What the F**?

The story below on Goldman Sachs has my blood boiling. I grew up with a father who worked on Wall Street (Lee, Higgins before WWII, White, Weld & Co. after)  who had the highest integrity of any man I knew. But not higher than his colleagues and friends on Wall Street – these guys had class, so what the hell happened? My dad had an MBA from Columbia, circa 1929 (great timing, guy) but most of his friends didn’t – it wasn’t considered a career advancement in that era, so is it the business schools that corrupted these people? I don’t know, but something has gone wrong down there.


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14 responses to “What the F**?

  1. AFW

    Now, perhaps, we can eradicate the GS cabal running our economy/country from the Treasury, Congress (CT-4th District especially) and 85 Broad Street.

  2. Helsa Poppin

    Let’s not tar everyone with the same brush. Plenty of people on Wall Street (even at GS) have behaved ethically throughout their careers and I’m sure are as disgusted by the fraudsters as you are.

    No place is so sacrosanct that it can’t harbor bad people – governors’ mansions, church pulpits, elementary school classrooms, public parks, doctors’ offices – there’s scum everywhere.

  3. Helsa Poppin

    No, Goldman is the most corrupt of the corrupt. Big clue is how many people they have placed in government. Haven’t you ever known anybody who’s worked there?

    • In 1979 or so, my dad gave up on Wall Street, saying he no longer understood it. I think that, until then, he thought it an honest market place (albeit with crooks on the edges) but as executive pay soared and perks abounded, he no longer saw shareholders being rewarded. He died in 1988, and missed the real fun.

  4. Inagua

    Goldman has always been run by a cabal of contemptible hypocrites.

    Just one recent example from the Michael Lewis book: When a client wanted to short a synthetic CDO, Goldman got AIG to write it at a 1% premium, and then charged the customer 2%. That’s a 100% commission. How is this possible? Only in an unregulated market. Why was the market unregulated? In part because two Godman CEOs who became Treasury Secretaries (Rubin and Paulson) testified against regulation to Congress, and the financially illiterate leading members of the relevant Congressional Committes like Barney Frank and Chuck Shumer got huge campaign contributions from Goldman.

  5. Anonymous

    The whole thing makes me sick!! What is happening to the world!!

  6. Peg

    Christopher, I must admit up front that I am way too ignorant to understand all the machinations of today’s Wall Street. Yet, I have enough intelligence to understand this: something is rotten, and it ain’t in Denmark.

    For those who work hard, create something, steer a large corporation to great success, help clients to earn wealth – let them reap rewards, too. This is capitalism and free markets at their best.

    The Wall Street that we have seen for some years – and frankly, corporate governance, too – makes a sham of all this. I do not understand how a CEO of a company that ends up with mediocre performance earns tens of millions – or more – per year. I do not understand how a company can take in billions for themselves as their clients go down the tubes – particularly when evidence is good that they knew they were sending their clients southward. I do not understand why the system works in such a way that a few in power are able to make billions from financial manipulations, with seemingly little benefit for others than themselves.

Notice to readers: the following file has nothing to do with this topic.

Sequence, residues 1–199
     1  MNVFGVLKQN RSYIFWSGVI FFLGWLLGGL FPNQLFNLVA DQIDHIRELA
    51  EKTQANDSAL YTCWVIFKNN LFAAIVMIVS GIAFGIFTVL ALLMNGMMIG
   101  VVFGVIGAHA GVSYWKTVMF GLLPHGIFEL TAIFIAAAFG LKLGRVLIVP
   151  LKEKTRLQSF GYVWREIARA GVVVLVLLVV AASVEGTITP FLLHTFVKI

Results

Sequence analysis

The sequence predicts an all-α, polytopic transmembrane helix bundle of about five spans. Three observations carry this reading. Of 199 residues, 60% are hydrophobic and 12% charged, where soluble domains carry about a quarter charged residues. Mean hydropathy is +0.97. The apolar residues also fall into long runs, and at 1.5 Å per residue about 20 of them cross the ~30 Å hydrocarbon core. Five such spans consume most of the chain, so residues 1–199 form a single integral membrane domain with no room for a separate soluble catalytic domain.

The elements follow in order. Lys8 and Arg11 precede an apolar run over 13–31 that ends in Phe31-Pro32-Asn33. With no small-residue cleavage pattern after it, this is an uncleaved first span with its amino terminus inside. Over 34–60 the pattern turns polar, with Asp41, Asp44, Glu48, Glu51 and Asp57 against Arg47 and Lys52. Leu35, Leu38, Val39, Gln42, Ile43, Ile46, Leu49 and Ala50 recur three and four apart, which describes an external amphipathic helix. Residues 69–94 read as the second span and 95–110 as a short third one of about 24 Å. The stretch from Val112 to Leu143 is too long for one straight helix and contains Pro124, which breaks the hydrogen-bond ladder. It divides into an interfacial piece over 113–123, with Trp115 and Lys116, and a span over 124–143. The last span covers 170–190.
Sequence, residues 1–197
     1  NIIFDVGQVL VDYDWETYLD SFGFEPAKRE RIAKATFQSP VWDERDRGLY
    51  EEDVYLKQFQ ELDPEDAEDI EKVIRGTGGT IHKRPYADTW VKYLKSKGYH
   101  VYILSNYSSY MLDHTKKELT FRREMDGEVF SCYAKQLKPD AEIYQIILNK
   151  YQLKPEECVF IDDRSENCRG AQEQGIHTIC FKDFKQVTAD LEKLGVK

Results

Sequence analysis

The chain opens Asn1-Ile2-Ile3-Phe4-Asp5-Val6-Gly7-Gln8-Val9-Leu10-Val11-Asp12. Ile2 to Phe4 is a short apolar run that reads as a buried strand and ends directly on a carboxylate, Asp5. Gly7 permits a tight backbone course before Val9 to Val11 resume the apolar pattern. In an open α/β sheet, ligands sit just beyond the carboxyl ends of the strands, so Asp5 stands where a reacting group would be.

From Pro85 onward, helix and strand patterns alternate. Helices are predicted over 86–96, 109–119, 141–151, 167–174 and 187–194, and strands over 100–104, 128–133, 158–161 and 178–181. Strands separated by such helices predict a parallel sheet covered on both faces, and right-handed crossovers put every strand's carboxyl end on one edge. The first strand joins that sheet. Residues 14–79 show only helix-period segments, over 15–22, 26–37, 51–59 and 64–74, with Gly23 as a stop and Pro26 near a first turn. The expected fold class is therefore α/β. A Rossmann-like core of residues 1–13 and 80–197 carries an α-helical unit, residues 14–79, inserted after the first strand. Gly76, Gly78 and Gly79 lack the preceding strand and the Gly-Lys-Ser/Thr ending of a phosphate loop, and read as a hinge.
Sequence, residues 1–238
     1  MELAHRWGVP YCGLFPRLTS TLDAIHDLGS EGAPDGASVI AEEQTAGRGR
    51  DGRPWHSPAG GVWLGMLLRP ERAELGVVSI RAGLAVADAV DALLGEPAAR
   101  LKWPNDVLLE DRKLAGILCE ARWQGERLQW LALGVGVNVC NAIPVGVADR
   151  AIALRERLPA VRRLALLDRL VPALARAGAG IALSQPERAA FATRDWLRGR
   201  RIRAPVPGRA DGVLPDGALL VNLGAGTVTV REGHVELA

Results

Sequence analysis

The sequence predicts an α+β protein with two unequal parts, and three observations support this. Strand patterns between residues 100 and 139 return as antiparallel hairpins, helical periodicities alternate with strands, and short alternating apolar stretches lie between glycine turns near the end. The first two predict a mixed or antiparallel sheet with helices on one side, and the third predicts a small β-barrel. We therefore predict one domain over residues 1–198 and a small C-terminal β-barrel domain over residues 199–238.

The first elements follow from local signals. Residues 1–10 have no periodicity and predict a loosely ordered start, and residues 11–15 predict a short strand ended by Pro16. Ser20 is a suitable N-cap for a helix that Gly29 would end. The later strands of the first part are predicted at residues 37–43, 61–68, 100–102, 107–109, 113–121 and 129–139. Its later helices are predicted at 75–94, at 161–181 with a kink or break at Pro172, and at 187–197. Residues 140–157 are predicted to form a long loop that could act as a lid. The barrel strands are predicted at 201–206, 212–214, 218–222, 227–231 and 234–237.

Like I said – I really am ignorant of all the inner-workings. But – that being said – to a common sense, Midwest girl, something really does seem to stink.

    And, it seems that these people are fouling the nest for all the rest of us who do yearn for a Wall Street that worked as it did in the days when your dad was there.

  7. Founding Father

    “We do God`s work.” Lloyd Blankfein C.E.O. Goldman Sachs.

  8. Fly Girl

    My ex worked for Goldman from the late 70s to the mid 90s. He hated the culture inside and really dreaded going to work with people he neither liked nor respected. I’m sure that’s why he got let go but he says it was the best thing that ever happened to him (yes, above marrying me!) I couldn’t stomach the Goldman Wives Club – ugh, most of the women were the beyond egregious, many thrilled their husbands worked long hours so they didn’t have to put up with them at home. As one wife said to me years ago “size DOES matter – the size of the paycheck!” 🙂

  9. armonk

    I worked at Merrill when they acquired White Weld. I was assigned to the WW office at 300 Park Ave in Manhattan as Assistant Mgr and worked there with some great people from 1980 to 1983.

  10. shoeless

    SEC suits against financial firms will be good for Greenwich real estate, right Foobar?

  11. Greenwich Gal

    Puh-leeeze! You think all this financial chicanery is just in recent times??!! Ha! I suggest you re-read your history. Financial scandals abound through the eras – just pick one. It is human nature, unfortunately.

  12. out looking in


    GS MDs are the sharkiest of the sharks, not necessarily the brightest. That is some myth spun from who knows where..but they do know how to make money!! if absolute power corrupts absolutely- then the race for “absolute” wealth certainly enhances the probabilities of “unethical” behavior..but something has certainly happened along the way in American culture- not sure if it is hero worship or lust- but wealth’s status has certainly climbed to the top of the list of this society’s values pyramid…oh well, I have to jump now to see what Oprah and Clooney and Dowd and Frank Rich and MJ and Tiger and Trump and Wynn and Cruise have to say on ET tonight so I will know what to say and think tomorrow!!